A very old photo of Star of India's launching day in 1863. Originally it was named Euterpe.
A very old photo of Star of India’s launching day in 1863. Originally it was named Euterpe.
Photo of Euterpe, later renamed Star of India, docked at Port Chalmers, Otago, New Zealand in 1883.
Photo of Euterpe, later renamed Star of India, docked at Port Chalmers, Otago, New Zealand in 1883.
Exquisite section of the stained glass skylight in the teak and oak paneled salon of the Star of India.
Exquisite section of the stained glass skylight in the teak and oak paneled saloon of the Star of India.
Peeking into Star of India's forward house, which contains ropes, tools and instruments which were necessary to maintain and operate the ship.
Peeking into Star of India’s forward house, which contains ropes, tools and instruments which were necessary to maintain and operate the tall ship.
I believe that long timber supported by the forward house and forecastle is the top section of the foremast, which is being refurbished. But I might be mistaken.
I believe that long timber supported by the forward house and forecastle is the top section of the foremast, which is being refurbished. But I might be mistaken.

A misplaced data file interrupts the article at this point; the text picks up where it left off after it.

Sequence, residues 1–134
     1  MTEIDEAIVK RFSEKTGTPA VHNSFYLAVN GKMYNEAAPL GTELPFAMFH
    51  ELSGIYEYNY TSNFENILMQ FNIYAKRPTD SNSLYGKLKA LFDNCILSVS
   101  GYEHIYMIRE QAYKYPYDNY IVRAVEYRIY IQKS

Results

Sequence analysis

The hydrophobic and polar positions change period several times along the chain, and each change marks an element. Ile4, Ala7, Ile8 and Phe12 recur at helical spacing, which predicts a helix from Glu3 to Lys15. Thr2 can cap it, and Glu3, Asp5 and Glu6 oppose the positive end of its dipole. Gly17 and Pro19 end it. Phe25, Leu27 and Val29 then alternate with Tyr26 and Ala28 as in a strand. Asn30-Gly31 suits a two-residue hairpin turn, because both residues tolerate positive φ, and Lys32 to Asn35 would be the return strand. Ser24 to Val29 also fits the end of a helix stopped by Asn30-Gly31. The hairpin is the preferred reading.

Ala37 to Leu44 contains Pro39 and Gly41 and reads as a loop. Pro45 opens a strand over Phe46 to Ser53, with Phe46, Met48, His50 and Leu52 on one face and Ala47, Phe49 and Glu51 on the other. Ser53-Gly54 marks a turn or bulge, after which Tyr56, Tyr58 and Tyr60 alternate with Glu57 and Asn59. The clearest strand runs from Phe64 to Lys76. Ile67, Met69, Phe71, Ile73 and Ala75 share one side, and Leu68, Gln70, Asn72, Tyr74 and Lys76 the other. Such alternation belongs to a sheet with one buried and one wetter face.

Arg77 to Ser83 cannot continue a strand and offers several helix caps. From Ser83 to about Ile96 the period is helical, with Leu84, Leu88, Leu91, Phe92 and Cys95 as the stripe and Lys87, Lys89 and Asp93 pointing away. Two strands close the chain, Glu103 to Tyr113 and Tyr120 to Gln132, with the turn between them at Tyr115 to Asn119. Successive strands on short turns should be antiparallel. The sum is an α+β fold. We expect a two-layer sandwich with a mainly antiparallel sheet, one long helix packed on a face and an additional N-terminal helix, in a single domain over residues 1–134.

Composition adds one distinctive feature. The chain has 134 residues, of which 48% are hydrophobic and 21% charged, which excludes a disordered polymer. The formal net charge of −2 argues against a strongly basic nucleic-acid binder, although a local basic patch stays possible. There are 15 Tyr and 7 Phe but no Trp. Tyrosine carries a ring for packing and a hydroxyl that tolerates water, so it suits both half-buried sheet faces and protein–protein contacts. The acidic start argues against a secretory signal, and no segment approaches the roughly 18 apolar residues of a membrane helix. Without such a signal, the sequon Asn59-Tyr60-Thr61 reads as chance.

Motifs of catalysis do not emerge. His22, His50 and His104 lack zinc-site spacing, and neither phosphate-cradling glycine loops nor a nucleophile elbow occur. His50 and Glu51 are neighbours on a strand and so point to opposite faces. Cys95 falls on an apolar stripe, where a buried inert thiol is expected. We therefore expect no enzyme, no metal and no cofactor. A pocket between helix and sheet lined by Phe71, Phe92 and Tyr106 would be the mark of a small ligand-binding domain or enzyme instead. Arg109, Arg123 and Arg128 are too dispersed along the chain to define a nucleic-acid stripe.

The Star of India's steering wheel and binnacle on the poop deck.
The Star of India’s steering wheel and binnacle on the poop deck.
The Star of India needs your help! Donate today to help replace the deck, and to preserve this amazing ship for generations to come.
The Star of India needs YOUR help! Donate today to help replace the deck, and to preserve this amazing ship for generations to come.

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Published by

Richard Schulte

Downtown San Diego has been my home for many years. My online activities reflect my love for writing, blogging, walking and photography.

5 thoughts on “World-famous ship Star of India needs YOUR help!”

  1. Fascinating! When I saw the name Euterpe, I thought, ‘Sounds familiar…I wonder if she ever…’ then scrolled a little further and saw the Port Chalmers photo. I’m certainly no expert on the days of sail, so I must have come across her when I was looking at early photos of Otago.

    Liked by 1 person

    1. It’s a small world! During 25 years of her active life, Euterpe made 21 passages to New Zealand carrying passengers and freight from England–a trip that took from 100 to 143 days! (Maybe back then the world wasn’t so small–that’s an awfully long trip!)

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  2. Yes – I just went and did a rummage in my bookcase and found a book called “Over the Mountains of the Sea – Life on the Migrant Ships 1870-1885” by David Hastings, and saw that Euterpe features there. So that’s why the name and photo were so familiar. Sadly, the only other surviving immigrant ship is Edwin Fox – it would cost a fortune to restore her.
    http://www.edwinfoxsociety.com/

    Liked by 1 person